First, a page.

In Jan. 09, while I was hunting, I came across some fawn tracks about a half an inch long.   

bmstaaf
 
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RE: Early fawn drop

Postby bmstaaf » Sun Apr 03, 2011 5:17 pm

I saw a fawn a few years ago in early April, I thought that was unreal. March blows my mind even more, honestly that first full moon last year in early October had the deer all messed up (chasing anyway). If you look back at the early archery posts people did have buck chasing in the first few weeks of October. Who would have thought breeding though? The does that had the fawns must have been bred late September early October then she must of dropped earlier yet. Amazing.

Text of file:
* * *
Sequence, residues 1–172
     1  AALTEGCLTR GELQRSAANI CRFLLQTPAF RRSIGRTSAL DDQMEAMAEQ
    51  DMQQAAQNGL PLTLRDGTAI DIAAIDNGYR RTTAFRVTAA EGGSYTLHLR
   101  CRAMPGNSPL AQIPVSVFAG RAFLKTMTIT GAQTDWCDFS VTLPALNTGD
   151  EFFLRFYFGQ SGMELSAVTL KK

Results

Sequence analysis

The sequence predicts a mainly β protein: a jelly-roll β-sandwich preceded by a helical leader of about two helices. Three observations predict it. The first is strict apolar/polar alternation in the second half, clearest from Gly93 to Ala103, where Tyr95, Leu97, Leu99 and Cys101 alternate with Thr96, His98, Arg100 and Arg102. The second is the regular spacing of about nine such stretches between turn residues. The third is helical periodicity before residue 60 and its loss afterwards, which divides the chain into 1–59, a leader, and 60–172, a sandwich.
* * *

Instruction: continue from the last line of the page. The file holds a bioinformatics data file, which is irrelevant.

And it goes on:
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charlie 01
 
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RE: Early fawn drop

Postby charlie 01 » Mon Apr 04, 2011 1:00 am

The full moon in sept. of 2010 was the 23rd. I have, over the years of bow hunting and observations thought that the full moon triggers some breeding activity, especially if it is somewhat cooler than normal (more so with a frost). I can't remember what the temps. were at that time. Was it cool enough to bring on some beeding activity here in Ill.. Anyone remember?
 
I guess if a doe was to come in estrus in late Sept. a buck would surely breed her.